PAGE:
Woman guilty of murder for wrong-way DUI crash that killed driver

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Alexandria Bayne

SAN DIEGO — A 37-year-old woman who drove the wrong day down a road in 4S Ranch while drunk, triggering a head-on crash that killed the other motorist, was convicted of second-degree murder Tuesday.

A March 13 sentencing date is set for Alexandria Bayne, who is facing 15 years to life in prison for the Dec. 17, 2016, crash that killed Sarita Shakya, a 38-year-old Scripps Mercy Hospital nurse. Shakya had just gotten off work and was headed home when the crash occurred shortly before midnight.

Bayne was previously convicted last year of gross vehicular manslaughter while intoxicated and DUI causing injury. She was retried on the murder count on which the previous jury had deadlocked 11-1 in favor of guilt.

The defendant was charged with murder due to two previous DUI convictions from 2005 and 2008.

Deputy District Attorney Cally Bright told jurors that Bayne had been drinking alcoholic beverages throughout the day, starting that morning.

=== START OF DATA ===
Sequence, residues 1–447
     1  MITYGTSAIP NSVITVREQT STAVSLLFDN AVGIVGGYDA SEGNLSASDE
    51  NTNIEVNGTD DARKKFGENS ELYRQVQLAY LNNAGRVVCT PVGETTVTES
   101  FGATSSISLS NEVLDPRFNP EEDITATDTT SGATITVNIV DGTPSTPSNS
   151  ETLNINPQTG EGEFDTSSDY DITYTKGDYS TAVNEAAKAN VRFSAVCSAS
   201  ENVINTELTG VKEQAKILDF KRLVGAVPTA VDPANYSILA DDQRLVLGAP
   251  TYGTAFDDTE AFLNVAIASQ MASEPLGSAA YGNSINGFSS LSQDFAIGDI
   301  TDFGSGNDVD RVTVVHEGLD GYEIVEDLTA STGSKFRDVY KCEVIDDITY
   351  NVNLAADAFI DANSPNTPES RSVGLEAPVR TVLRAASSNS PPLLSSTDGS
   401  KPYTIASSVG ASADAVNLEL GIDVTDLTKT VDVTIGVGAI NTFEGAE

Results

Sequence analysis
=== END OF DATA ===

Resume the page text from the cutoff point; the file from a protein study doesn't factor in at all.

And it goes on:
She left a friend’s house around 11:30 p.m., then drove into opposing traffic lanes on Camino Del Norte at more than 60 miles per hour, with no indications of braking, according to Bright.

A hospital blood draw taken after the crash measured her blood-alcohol content at .33 percent, though Bright alleged it could have been as high as .40 at the time of the crash. The legal limit is .08.

“She chose to drink. She chose to drive. She chose to put the life of other motorists in danger on December 17th, 2016, and because of that, Sarita Shakya was killed,” Bright said.

Bayne’s attorney, Michelle Hunsaker, told jurors that Bayne was distracted by family issues, as well as her cell phone. The attorney said the intersection was also poorly marked, adding to her client’s confusion.

“It was tears, poor signage and fatigue that destroyed those two families,” Hunsaker said. “We are not discounting the magnitude of the loss of Ms. Shakya and we take full responsibility for that collision. But distraction does not equal murder.”

Hunsaker also disputed the prosecution’s allegations regarding Bayne’s blood-alcohol level. Though the defense attorney conceded Bayne drank on Dec. 17, Hunsaker said Bayne had encountered several people throughout the day and did not appear intoxicated.

In her opening statement, Bright said Bayne’s boyfriend had spoken to her over the phone just prior to the crash and recognized by the sound of her voice that she was drunk. Bright said the boyfriend offered to give Bayne a ride, but she refused.

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